We live in the wealthiest country in all of human history, and yet most of us only give a tiny fraction of our income to church and charity to support the good works they do. What accounts for this? Some of it is from the love of money and some of it is from fear. The Book of Ecclesiastes says, “He who loves money is never satisfied by money, and he who loves wealth is never satisfied by income.” Some are slaves to their greed, and some are shackled to their anxiety.

As an early teen, I felt reluctance at giving any money away for anything. I thought, “Who knows what my future holds? What if I need that money later? Every dollar I give away now is another dollar I’m exposed to future, unseen danger.” My mindset wasn’t informed by the Gospel, but when I finally read the Gospels myself I encountered Jesus’ teaching there. He says: “Do not worry and say, ‘What are we to eat?’ or ‘What are we to drink?’ or ‘What are we to wear?’ All these things the pagans seek. Your heavenly Father knows that you need them all. But seek first the Kingdom of God and his righteousness, and all these things will be given you besides. … Give and gifts will be given to you; a good measure, packed together, shaken down, and overflowing, will be poured into your lap.” The Lord was calling me beyond my comfort zone and into a deeper relationship with him.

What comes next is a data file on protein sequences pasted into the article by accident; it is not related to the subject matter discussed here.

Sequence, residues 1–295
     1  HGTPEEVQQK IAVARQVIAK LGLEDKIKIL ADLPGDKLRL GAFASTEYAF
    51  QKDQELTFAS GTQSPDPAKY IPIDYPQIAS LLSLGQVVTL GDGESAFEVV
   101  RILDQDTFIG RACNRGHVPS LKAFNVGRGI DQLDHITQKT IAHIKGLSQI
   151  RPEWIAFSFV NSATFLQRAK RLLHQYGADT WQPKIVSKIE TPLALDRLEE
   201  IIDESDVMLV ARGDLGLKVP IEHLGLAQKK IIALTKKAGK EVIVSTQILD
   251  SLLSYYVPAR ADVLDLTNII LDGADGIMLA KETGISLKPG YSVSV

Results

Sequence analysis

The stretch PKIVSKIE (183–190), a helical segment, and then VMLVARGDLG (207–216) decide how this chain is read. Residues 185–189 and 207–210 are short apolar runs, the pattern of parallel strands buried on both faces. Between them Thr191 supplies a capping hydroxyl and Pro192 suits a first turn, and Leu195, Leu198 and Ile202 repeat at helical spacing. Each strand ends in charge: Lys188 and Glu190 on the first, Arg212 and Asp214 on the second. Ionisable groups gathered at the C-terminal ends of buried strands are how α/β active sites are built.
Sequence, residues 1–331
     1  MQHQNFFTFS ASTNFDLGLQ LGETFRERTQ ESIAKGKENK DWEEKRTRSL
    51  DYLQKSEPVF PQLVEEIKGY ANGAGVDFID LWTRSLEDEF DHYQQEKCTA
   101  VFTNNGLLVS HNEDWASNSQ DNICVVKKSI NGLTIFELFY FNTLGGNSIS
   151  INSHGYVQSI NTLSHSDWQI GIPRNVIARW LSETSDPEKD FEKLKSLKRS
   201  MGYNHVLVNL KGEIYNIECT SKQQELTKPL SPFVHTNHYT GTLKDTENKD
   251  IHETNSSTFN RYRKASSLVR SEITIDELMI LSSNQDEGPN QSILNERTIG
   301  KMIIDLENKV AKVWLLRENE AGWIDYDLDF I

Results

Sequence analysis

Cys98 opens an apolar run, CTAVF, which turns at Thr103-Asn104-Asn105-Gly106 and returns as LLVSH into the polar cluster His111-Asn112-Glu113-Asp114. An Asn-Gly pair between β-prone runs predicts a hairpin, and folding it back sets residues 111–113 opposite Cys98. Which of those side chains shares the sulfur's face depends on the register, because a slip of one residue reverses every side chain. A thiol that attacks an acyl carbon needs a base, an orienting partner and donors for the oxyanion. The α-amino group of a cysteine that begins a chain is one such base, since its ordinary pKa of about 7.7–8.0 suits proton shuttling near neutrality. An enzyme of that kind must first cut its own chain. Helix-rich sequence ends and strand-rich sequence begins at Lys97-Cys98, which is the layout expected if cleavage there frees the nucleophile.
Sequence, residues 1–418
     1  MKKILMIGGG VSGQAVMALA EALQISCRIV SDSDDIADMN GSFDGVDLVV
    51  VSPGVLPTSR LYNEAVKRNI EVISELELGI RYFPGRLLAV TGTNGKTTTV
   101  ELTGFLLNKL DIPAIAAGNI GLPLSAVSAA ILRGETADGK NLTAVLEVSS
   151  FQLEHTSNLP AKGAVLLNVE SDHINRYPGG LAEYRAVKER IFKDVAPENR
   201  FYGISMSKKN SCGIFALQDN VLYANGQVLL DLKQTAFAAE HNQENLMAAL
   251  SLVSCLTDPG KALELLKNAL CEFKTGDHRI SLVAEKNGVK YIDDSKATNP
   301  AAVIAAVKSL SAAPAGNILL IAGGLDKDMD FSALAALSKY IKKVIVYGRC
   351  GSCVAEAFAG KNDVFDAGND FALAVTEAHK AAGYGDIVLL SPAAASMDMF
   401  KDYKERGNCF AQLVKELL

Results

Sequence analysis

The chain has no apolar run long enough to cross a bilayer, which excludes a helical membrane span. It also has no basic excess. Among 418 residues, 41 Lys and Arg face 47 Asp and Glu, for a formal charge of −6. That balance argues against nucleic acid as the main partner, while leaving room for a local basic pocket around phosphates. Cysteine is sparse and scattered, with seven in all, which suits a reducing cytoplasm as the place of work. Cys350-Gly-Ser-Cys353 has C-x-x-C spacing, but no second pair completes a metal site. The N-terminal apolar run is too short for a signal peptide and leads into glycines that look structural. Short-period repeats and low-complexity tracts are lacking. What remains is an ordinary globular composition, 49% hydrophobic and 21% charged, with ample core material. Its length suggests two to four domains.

I remember standing in St. Paul, Minnesota’s awe-inspiring cathedral. It was my first time there and I saw near the south exit a donation box labeled “For The Poor.” The largest bill in my wallet was a ten or a twenty, and I both wanted and very much did not want to give it, yet I knew what I should do. Once I had done it, I walked out smiling. It was a small donation, but even then I knew it was a big moment, and it changed the rest of my life.

I recall the story of one married couple. They used to pay their bills and then give to God if there was something left —and sometime there was nothing left. But God put it on their hearts to tithe consistently, so they began setting aside their gift to him first before paying their bills. And when they approached their giving in this way they discovered there was providentially always enough for both God and the bills.